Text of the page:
Tuesday, July 17, 2012

Giving the Affordable Care Act ("Obamacare") a Human Face

My friend Tracy (a wonderful actress and church secretary) has an infectious laugh, a somewhat racy sense of humor, and a daughter with juvenile arthritis. Shortly after the Supreme Court upheld the constitutionality of the Affordable Care Act, Tracy's family posted the following image of their daughter (along with the accompanying text) on Facebook:

The image went kind of viral. Earlier today, Addicting Info posted an article about Cassie, "The Face of Obamacare." The details of Cassie's story appear there.

I haven't said much about health care reform on this blog, in part because it is a complex topic about which I have little in the way of what might be called expertise. But here are a few things that seem pretty clear to me:

1. The most controversial aspect of the ACA is the so-called "mandate"--that is, the requirement that all Americans have a health insurance policy or pay a fine. This is the part of the ACA that Justice Roberts declared a tax. I think this is a fine way to look at it, even if Obama resisted calling it a tax for political reasons.

2. The mandate is an essential trade-off for the part of the ACA that most directly affects Cassie and her family--namely, the clause that precludes insurers from denying coverage based on pre-existing conditions. Were there no pre-existing conditions clause and no mandate, there'd be nothing keeping healthy individuals from just going without insurance until they get sick. So, we need one or the other: either there has to be some requirement that everyone have insurance if they can afford it (parts of the ACA are directed towards addressing those who can't afford it), or insurers will deny coverage for pre-existing conditions. Either the liberty of individuals to risk themselves in order to save some money has to be truncated, or the opportunity of people to get the coverage they need will inevitably be denied them. To have it both ways--unrestricted individual liberty to take risks and opportunity for the neediest to have their needs met--just isn't a realistic option. We have to choose. The question is whether we choose the liberty of all to risk going without health insurance or the liberty of all to get the health insurance they need.

3. If we favor the former, there are people who are going to suffer--people like Cassie. And her parents. And her siblings and all the others who love her. I don't like that result. I think about the fact that Cassie could easily have been one of my children. I think about the fact that Cassie is, in fact, the child of people I care about.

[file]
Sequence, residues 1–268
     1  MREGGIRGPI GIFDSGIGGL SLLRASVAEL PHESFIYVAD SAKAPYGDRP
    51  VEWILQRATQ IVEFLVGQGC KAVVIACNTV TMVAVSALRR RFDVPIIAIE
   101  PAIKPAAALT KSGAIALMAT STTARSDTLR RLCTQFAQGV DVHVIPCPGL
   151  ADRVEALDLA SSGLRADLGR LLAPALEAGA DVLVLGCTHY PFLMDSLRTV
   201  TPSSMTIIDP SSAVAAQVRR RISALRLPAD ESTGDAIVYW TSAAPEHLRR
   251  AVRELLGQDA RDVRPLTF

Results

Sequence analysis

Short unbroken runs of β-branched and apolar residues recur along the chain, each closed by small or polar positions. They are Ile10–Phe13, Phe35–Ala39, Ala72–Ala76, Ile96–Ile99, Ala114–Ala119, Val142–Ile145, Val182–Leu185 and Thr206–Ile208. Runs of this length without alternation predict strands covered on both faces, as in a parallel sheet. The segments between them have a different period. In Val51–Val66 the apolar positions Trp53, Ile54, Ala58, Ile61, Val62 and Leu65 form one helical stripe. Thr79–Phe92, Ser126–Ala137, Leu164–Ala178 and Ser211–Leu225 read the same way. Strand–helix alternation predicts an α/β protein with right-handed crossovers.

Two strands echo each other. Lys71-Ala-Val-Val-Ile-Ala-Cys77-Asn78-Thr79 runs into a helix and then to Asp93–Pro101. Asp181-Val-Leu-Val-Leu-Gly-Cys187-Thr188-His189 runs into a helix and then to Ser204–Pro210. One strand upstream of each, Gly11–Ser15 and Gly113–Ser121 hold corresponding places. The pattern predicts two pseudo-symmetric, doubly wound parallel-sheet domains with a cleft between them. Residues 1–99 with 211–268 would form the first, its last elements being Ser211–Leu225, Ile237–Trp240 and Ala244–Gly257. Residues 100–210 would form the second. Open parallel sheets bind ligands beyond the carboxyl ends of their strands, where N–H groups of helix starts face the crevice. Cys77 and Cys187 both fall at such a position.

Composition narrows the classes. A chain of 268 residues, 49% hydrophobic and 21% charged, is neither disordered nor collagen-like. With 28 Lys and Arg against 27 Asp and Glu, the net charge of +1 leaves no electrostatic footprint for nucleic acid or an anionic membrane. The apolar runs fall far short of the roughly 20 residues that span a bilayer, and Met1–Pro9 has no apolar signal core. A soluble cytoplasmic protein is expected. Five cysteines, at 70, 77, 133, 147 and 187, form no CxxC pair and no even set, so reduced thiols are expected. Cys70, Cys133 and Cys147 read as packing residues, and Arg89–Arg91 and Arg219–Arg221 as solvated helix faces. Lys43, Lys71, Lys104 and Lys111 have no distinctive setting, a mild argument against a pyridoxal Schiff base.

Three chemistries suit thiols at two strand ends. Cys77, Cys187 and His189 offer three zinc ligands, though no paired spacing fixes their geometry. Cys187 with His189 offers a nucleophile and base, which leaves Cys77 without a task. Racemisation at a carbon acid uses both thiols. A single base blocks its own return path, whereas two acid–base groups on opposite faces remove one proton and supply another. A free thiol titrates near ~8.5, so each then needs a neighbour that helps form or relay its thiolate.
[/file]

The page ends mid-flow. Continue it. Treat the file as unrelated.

4. Also, if we favor the former our ERs will be filled to the gills with the uninsured who go there for all their medical needs when they become urgent enough (and hence are, more often than not, costlier than they might otherwise have been). This leads to increased medical costs for the rest of us--since the costs of treating the uninsured have to be recovered somehow. Viewed in this light, the health care mandate can be seen as a way to guarantee that everyone who can afford it does their share to pay for health care, rather than there being "free riders" that the rest of us end up paying for.

5. Favoring the former is routinely represented by ACA opponents as government tyranny because it is making demands on people, requiring that they buy something. The implication seems to be that favoring the latter respects liberty in a way that favoring the former does not. But as Cassie's story makes clear, her family faced serious truncations of liberty--imposed not by the government but by private insurance companies; companies who, out of an interest in maximizing profits, uniformly exercised their freedom to deny coverage such that Cassie's parents were denied the freedom to buy for their daughter what she so urgently needed.

6. What we have here is a choice about whose liberty is more important: the liberty of the healthy 30-something to risk going without insurance, to gamble that he won't get sick (a gamble that the rest of us pay for when he shows up at the ER with an infection that has gotten out of a control and takes expensive life-saving measures to cure); or the liberty of people like Cassie's parents to provide for their children the things that those children need in a way that doesn't bankrupt them.

7. What we have here is a choice between who is going to impose constraints on our freedom: the government, which is made up of elected representatives who are ultimately answerable to the public and are voted into office with a mandate to pursue the public good; or private companies, which exist to make profit and are answerable primarily to those for whom they are making that profit (e.g., stockholders).

I'm sure there are lots of problems with the ACA. It is a clunky and complicated piece of legislation aimed at trying to achieve what, it seems to me, could be far more elegantly achieved by moving to a system in which Medicare is extended to provide universal basic coverage paid for through taxation, and supplemental coverage is available through private insurers. Yes, there are surely problems with the ACA. But favoring a health insurance mandate for those who can afford it over a system in which people like Cassie find themselves unable to get insurance because of pre-existing conditions? That doesn't strike me as a problem with the ACA. That strikes me as one of its virtues.

1 comment:

  1. Have been reading through your posts since I was directed to your post on Patriarchy. You are thoughtful and well-spoken. I have now adopted 'progressive Christian' as my title, I never really liked 'Evangelical' anyway:) Will continue to read your posts.